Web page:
Hello, everyone.

We here at Spectrum Culture understand that the world is a scary place right now. With the spread of the novel coronavirus, it’s time to stay home. As one meme states:

We’re here to help. This feature is a running list of all music, film and books that we’re consuming while housebound. We’ll be updating it daily and hopefully giving you some ideas of how to pass the time.

Feel free to recommend what you’ve been listening to, watching and reading. We’re all in this together.

Beck – Morning Phase

I’m so tired of being alone,” sings Beck at the opening of “Blue Moon,” one of a dozen gorgeous melodies on his 2014 masterpiece, Morning Phase, and I’ve never related more. It’s amazing that an album of nothing but slow songs can sound so varied and take so many surprising turns. Beck is in acoustic crooner mode here, and his backup band is as tight as a clock. After doing some wizardly production work on records by Charlotte Gainsbourg, Thurston Moore and Childish Gambino, Morning Phase showcases everything he’s refined about the interplay of brushed percussion, crystalline steel-strings, and vocal reverb you can melt into. None of the songs exceed the 120 beats-per-minute of an average moderate-tempo pop song, and yet nothing about this album feels slow or sluggish. Acoustic instruments layer themselves like bands of sunlight over gently pulsing rhythms, and the arrival of every chorus is like a surprise ray of sunlight. Morning Phase rewards repeated plays, and takes the edge off of being alone. – A.C. Koch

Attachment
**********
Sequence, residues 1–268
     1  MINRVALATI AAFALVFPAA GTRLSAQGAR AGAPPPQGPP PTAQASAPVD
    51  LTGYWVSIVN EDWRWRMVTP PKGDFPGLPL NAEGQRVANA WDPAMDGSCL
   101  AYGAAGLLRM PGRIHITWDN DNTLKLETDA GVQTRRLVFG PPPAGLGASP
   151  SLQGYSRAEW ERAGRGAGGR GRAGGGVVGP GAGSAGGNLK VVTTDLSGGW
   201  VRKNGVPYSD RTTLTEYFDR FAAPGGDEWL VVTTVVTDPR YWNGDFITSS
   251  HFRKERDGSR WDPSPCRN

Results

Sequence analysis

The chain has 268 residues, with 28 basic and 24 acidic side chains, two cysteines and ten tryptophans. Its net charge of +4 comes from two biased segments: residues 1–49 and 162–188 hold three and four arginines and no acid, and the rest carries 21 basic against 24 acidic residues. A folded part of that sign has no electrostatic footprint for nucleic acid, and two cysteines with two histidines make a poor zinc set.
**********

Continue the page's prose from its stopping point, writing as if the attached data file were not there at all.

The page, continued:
Booksmart [Streaming on Hulu]

It is reasonable but unjust to call Booksmart the girl version of Superbad. Reasonable because both films are set over the course of a day and feature characters on the verge of graduating high school wilding out. And, of course, Booksmart features Beanie Feldstein, the younger sister of Superbad’s Jonah Hill. But it is also an unjust comparison, because Booksmart is much more sophisticated and specific, and because it is its own film and should be allowed to exist on its own. Judged on its own, it is sharp, funny and pleasant enough to distract viewers in these tense times, though at times—dare I say it, similarly to Superbad!—Booksmart’s wonderful plot outruns its dialogue, so that many of the situations the characters are plunged into are funnier than their lines about what is happening. – Ryne Clos

Kelsea Ballerini – Unapologetically